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authority records

Mah, Wendy

  • Person
  • fl. 1990s-

Wendy Mah is a human resources professional based in Vancouver. From 1989 to 1991, she completed a diploma in business management with a specialization in human resources at BCIT in Vancouver. She worked for Blackcomb Mountain as a human resources specialist from 1991 to 1994. From 1996 to 1997, she was the director of human resources at the Delta Hotel in Whistler. From 1997 to 2003, she worked as a training manager for the Fairmont Chateau Whistler Resort. Wendy then worked as the director of operations for Tourism Whistler from 2003 to 2006. From 2007 to 2009, she completed an MBA at Royal Roads University. In 2007, she moved back to Vancouver to become director of human resources for the Marriott Hotel until she was promoted to director of hotel operations in 2011. In 2013, she left this position to work for the Westin Bayshore (for Starwood Hotels and Resorts Worldwide Inc.) in Vancouver as director of human resources. She left this position in 2016 to cover maternity leave and work as a School of Business faculty instructor at BCIT until 2017. From 2017 to 2018, she was a People and Culture manager at Grant Thorton LLP in Vancouver. From 2018 to 2019, she also worked as a director of human resources at [?]. From 2019 to 2023, she was director of human resources at The Josie Hotel in Vancouver, and since 2021, she has also been a human resources consultant for Inspired HR Ltd..

Maguire, Dennis

  • CA-BC-MD013
  • Person
  • fl. 2000s-

Dennis Maguire is a Canadian architect and owner of Dennis Maguire Architect Inc.. Originally from Vancouver and Shawnigan Lake, BC, he attended Shawnigan Lake High School. Dennis completed a Bachelor of Science in math and physics at McGill University in Montreal, QC from 1965 to 1970. He was in the Delta Upsilon fraternity, played varsity rugby, and worked at Expo 67 during his time there. He also worked construction during the summers. From 1974 to 1978, he completed as Master of Architecture degree at the University of British Columbia (UBC) in Vancouver. In 1980, he was a founding co-partner and senior associate of The Iredale Group Architecture. Dennis Maguire Architect Inc., which Dennis has owned since 1984, has architecture offices in Victoria, BC; Saltspring Island, BC; and Whistler. Dennis has worked on projects throughout the province of British Columbia, but is based on Salt Spring Island.

Magnussen, Karen Diane

  • CA-BC-MK005
  • Person
  • April 8, 1952 -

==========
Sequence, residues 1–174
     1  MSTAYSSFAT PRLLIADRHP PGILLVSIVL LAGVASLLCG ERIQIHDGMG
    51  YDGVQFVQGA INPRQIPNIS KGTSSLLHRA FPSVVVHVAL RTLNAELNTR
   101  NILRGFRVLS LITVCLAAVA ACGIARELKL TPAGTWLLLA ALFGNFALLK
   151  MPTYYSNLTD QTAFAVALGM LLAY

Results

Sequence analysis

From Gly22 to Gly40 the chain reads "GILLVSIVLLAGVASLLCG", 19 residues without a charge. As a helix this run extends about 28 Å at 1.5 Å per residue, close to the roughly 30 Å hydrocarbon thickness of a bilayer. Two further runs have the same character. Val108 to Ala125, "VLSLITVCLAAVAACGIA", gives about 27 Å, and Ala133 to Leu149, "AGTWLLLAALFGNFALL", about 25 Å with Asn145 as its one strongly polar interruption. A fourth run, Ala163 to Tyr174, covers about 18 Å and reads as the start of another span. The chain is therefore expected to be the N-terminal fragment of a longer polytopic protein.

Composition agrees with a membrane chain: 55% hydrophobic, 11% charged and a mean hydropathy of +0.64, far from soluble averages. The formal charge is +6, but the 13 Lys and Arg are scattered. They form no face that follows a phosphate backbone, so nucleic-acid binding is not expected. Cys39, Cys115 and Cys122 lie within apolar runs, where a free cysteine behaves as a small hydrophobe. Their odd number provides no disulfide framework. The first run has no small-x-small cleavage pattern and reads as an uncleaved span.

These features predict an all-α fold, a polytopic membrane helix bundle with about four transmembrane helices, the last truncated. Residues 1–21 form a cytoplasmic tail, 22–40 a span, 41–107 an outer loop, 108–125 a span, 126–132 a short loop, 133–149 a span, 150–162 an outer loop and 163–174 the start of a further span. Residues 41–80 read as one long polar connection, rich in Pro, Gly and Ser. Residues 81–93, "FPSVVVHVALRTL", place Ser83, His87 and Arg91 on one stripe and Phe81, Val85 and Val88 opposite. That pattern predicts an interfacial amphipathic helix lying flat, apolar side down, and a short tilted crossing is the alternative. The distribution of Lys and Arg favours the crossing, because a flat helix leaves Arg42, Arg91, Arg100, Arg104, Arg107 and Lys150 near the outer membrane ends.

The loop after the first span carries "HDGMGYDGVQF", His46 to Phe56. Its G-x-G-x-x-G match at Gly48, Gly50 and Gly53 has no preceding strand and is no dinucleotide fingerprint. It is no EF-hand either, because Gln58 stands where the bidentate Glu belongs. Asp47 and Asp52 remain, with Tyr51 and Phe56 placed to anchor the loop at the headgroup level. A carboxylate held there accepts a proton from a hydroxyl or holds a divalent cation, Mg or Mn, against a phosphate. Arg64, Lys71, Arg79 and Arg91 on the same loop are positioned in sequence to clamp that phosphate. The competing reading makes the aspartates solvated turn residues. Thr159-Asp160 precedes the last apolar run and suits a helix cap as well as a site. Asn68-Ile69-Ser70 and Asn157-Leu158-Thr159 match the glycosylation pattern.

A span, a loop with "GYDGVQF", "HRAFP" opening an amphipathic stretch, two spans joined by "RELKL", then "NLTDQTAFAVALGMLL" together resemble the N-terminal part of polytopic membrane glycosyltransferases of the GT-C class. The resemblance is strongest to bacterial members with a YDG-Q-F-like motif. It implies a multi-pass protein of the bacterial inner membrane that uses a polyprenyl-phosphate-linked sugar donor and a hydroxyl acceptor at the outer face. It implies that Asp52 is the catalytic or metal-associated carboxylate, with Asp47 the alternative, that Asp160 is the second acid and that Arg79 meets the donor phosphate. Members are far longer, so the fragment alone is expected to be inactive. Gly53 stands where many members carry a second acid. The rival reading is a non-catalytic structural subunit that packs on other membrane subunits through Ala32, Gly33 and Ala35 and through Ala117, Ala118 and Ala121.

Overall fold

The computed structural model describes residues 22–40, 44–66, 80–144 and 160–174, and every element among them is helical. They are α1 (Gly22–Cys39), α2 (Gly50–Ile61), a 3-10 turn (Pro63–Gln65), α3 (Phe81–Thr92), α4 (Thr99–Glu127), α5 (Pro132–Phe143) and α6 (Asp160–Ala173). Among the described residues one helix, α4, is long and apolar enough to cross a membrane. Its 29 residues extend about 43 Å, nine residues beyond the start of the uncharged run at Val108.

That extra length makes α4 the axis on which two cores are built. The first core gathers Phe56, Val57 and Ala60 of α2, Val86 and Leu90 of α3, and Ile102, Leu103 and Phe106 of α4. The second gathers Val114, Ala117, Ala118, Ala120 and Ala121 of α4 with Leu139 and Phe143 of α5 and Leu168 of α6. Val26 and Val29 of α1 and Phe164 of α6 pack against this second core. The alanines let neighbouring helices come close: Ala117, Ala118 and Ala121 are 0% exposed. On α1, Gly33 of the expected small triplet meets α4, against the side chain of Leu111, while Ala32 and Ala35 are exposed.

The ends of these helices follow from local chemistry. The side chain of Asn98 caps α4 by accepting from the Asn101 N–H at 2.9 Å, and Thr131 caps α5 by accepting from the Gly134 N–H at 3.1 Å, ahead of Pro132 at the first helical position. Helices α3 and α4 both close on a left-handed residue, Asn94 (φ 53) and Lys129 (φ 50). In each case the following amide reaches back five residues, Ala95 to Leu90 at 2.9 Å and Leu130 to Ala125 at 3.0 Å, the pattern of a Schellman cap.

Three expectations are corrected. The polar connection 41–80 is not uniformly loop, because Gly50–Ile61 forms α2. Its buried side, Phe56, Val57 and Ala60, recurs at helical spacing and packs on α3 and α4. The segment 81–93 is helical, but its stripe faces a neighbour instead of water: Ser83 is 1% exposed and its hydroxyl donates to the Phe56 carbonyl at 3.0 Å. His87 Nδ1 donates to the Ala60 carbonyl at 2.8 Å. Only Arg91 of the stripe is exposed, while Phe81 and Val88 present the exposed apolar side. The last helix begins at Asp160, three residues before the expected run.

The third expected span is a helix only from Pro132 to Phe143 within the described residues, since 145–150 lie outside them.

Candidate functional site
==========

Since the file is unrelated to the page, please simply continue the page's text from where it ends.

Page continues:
Karen Diane Magnussen-Cella is a Canadian former figure skater, 1972 Olympic silver medalist, and 1973 World Champion. She was born on April 8, 1952 in Vancouver to a middle-class family with a Swedish mother and Norwegian father. She has two sisters, Lori, three years younger, and Judy, six years younger. After being introduced to the ice skating at age six when her mother, a recreational skater, brought her to a general skating session, Karen Magnussen then kept asking for more opportunities to skate. Recalling lessons on pebbly curling ice at the Kerrisdale Arena, she commented, "The ice was anything but perfect, but I think that made you tough." Her first coach was Hellmut May. Linda Brauckmann became her coach in 1965. Magnussen's career at the elite level of skating began when she won the Canadian national junior title in 1965. Moving up to the senior level the next year, she became known for her strong free skating ability, and was even compared to then-reigning world champion Petra Burka. Her march upwards in the skating rankings continued as she qualified to compete at the World Championships for the first time in 1967 and won her first Canadian title in 1968. She was sent to the 1968 Winter Olympics in Grenoble, France and placed seventh. In 1969, Magnussen lost her Canadian title to Linda Carbonetto. Magnussen was diagnosed with stress fractures in both legs in February 1969, spent three months in a wheelchair, and returned to the ice in mid-May. She watched the 1969 World Championships from a wheelchair. Magnussen studied kinesiology at Simon Fraser University (SFU), enrolling in 1970. She went on to win the Canadian Championships four more times, from 1970 to 1973. At the World Championships, she won a bronze medal in 1971 and then silver in 1972. Magnussen was granted free early morning ice time at Vancouver's Pacific Coliseum before the hockey players arrived. Magnussen was stronger in free skating than compulsory figures. At the 1972 Winter Olympics Magnussen achieved second in the free skate and won a silver medal. Since most audiences found compulsory figures unexciting, the International Skating Union (ISU) reduced their value and introduced the short program in the 1972/1973 season. This development encouraged Magnussen to stay in competition another year. At the first World Championships under this system, in Bratislava, Czechoslovakia in 1973, Magnussen produced a strong short program and won the World Championship gold medal. This was the final year in which solid gold medals were awarded in figure skating. CCM produced a line of skates bearing her name, Regal Toys manufactured a “Karen” doll, and Collier-MacMillan published her autobiography in 1973. Magnussen retired from competition and turned professional, going on to perform with Ice Capades for four years, leaving them in 1977. In 1978, she married Tony Cella, the lead singer of a band. They lived in his hometown of Boston, MA for eleven years and then moved to Vancouver. They have two sons and a daughter. Magnussen coached for eleven years in Boston before returning to the North Shore Winter Club in North Vancouver. In addition to teaching figure skaters, she has also worked with hockey players to improve edges, power, balance, and stops and starts. The Karen Magnussen Community Recreation Centre in North Vancouver (built in 1974) is named after her. To assist young skaters, Magnussen established the Karen Magnussen Foundation. Magnussen was the last Canadian woman to win the World title until Kaetlyn Osmond in 2018, 45 years later. On November 28, 2011, an ammonia leak occurred at the North Shore Winter Club where Magnussen was working; she said it caused her breathing problems, hampered her ability to speak, impaired her vision, and left her chronically fatigued. Following the incident and treatment with the powerful steroid prednisone, she gained 60 pounds and developed rheumatoid arthritis, temporal arteritis (swelling of blood vessels to the head), and central sensitivity syndrome (affecting the interaction between the brain and vocal cords). WorkSafeBC inspectors cited the club for twelve health and safety violations. Interviewed by the CBC in December 2013, Magnussen said compensation benefits ceased when WorkSafeBC realized her disability was permanent. As of 2015, she continues to suffer serious health problems and may not enter a rink due to the risk from fumes. The Connaught Skating Club decided to organize a benefit show for Magnussen in March 2015. Magnussen is an Officer in the Order of Canada and has been inducted to the BC Sports Hall of Fame.